A few days after racing the 2016 Olympic Games Marathon in Rio, I knew it was too early to call it a season. I was healthy, feeling relatively fresh and strong, and decided to race the IAAF Gold Label Scotiabank Toronto Waterfront Marathon (STWM), which would also host the Canadian Championship. My main goal would be to win a national title again.
I told my coach that I wanted to take more risk with my training. Rio was all about being careful with training while completely devoting to preventative maintenance, rest, sleep, and nutrition. It was easy and straight-forward to continue with the latter, once I returned from Rio, because I simply plugged back into the same healthy habits and routine I had in place prior to the Olympics. But we took more of a chance with training, ramping up the mileage and intensity of workouts fairly aggressively. I felt I had nothing to lose and was willing to take the risk; I might get injured or ill but how would I ever know if I did not try? I successfully completed my highest-ever week of 180 km but was only able to log 174 km the following week after simultaneously succumbing to both the cold and G.I. illnesses floating around. I nursed myself back to good health and continued focusing on marathon-pace specific workouts while commencing a slight taper. It was at this time that my left achilles started to give me some grief. Fortunately with great care from my physiotherapist, Paul, and remaining on trail and treadmill soft surfaces, I was able to get through it so that it wasn’t a factor on race day.
In trying to determine pacing needs for the race, it was difficult to give race director, Alan Brookes, a solid number. I knew I was peaking late with my fitness but my 9 week build was so different than any of my other ones. The strongest-ever Canadian women’s field at a national championship was going to include five other women who could likely go under 2:35: Rachel Hannah, Dayna Pidhoresky, Tarah Korir, Leslie Sexton and Erin Burrett. Lanni Marchant would be switching spots with me, doing the broadcast this year, with plans to race New York city a few weeks later. Like any marathon, pace was going to be strongly determined by race day conditions. For the 2 days leading up to race day, the weather was showing a combination of cloud, sun, lightning, wind, and rain. I’ve raced long enough to not obsess about the weather yet also not underestimate the effect it can have on performance, regardless of your fitness level. Media commitments and expo activities kept me busy on Friday but Saturday was free and clear, allowing me to rest and relax comfortably in the hotel. The forecast within the last 12 hours before start time was then consistently showing humidity in the mid 80’s. That was a red flag for me. I once raced STWM with high humidity and it was ugly. Very ugly. On race morning, I figured fast times were not going to happen so it would be my experience, and heat and humidity training for Rio, that were going to give me the confidence to race well.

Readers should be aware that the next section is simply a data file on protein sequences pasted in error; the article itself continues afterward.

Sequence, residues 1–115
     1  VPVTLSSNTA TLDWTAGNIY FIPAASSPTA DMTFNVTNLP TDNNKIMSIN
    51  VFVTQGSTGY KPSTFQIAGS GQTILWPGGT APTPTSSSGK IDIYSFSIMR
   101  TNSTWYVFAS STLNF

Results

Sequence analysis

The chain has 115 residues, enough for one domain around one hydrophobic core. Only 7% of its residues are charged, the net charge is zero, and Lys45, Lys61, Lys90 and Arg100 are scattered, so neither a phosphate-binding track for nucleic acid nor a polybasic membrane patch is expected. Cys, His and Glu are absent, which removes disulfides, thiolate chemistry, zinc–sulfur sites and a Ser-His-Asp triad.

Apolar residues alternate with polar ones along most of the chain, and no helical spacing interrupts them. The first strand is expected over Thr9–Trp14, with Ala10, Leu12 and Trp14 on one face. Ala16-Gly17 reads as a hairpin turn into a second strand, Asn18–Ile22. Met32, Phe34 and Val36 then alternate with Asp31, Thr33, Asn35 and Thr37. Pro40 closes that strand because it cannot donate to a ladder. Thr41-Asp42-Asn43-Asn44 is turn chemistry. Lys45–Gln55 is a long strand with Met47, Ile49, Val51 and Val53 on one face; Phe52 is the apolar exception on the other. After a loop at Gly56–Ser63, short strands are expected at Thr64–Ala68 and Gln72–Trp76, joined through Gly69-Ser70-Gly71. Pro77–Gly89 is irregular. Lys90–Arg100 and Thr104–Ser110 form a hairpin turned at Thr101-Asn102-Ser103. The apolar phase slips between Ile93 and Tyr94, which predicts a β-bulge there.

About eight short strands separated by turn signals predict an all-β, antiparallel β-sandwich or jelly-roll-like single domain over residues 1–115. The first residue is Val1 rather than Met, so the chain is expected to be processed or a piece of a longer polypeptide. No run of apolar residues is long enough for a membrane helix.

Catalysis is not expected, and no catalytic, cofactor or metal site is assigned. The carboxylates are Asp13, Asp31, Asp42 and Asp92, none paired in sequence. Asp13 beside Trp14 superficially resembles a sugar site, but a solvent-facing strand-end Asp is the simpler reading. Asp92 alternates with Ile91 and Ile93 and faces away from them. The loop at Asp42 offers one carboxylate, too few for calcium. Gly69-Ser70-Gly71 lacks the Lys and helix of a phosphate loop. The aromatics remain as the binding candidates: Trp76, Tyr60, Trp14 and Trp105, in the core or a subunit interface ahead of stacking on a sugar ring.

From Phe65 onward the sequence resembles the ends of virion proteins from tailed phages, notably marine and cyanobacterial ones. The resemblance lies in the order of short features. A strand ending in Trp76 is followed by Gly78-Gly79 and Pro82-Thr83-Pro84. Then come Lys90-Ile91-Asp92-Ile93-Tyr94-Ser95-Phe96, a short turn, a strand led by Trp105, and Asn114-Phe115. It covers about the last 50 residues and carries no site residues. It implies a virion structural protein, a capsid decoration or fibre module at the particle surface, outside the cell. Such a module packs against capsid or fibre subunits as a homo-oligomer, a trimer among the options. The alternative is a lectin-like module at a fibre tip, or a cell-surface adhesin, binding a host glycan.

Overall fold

Dayna and I decided that we would start around the same pace but if one felt stronger, we’d split with our pacers. It was after about the first one or two kilometers at 3:30/km that I knew I needed to slow it down, just slightly. Humidity is a silent killer and I was not going to risk blowing up by starting too hard. Additionally, with no sun and some rain patches, the ground was somewhat slippery. Dayna moved ahead and was in the lead for the majority of the race, just enough ahead of me that I could keep my eye on her. Meanwhile, Rachel was just enough behind that she could keep her eye on me! Being sandwiched was ideal; we all wanted that Canadian title and I had one to catch to get it and one to keep away from taking it. It was my race to win or lose. Around the time I caught up to Dayna at around 32 km, Rachel caught up to me. I continued to press on, staying focused and patient, knowing I wanted that national title more than anything.
The Canadian record and (ridiculous) World Championship finish times were out of reach by this point. So it was about grinding it out. Over the last 10 km I was able to gradually widen the gap and successfully cross the finish line with celebratory arms in the air as Canadian champion. It was a rather emotional finish for me as I thought about my husband and kids’ devotion to my training over the last several months. It is difficult for a mom to put herself first but Team DuChene allowed me to do that, and we succeeded. With the Canadian flag over my shoulders, I shed a few tears and held dearly to the memory of hugging my family immediately upon my finish in Rio. I did it. We did it. We made 2016 my year as Olympian and Canadian Champion. And I have so many to thank.
It has been a bit over 24 hours since completing the marathon. I have smiled and teared up over many congratulatory messages, and enjoyed a few sweets, several cups of coffee, and some precious quiet time in a still house with the kids at school and me not out training. I have several speaking engagements ahead that I look forward to, along with savouring the outcome of this incredible year. As for what’s next, obviously a well-deserved break. A spring marathon will likely be the plan (when I’m 40!) but for now, it’s another cup of coffee and square of chocolate.
To each and every one of you, I thank you. From the bottom of my heart, I truly thank you.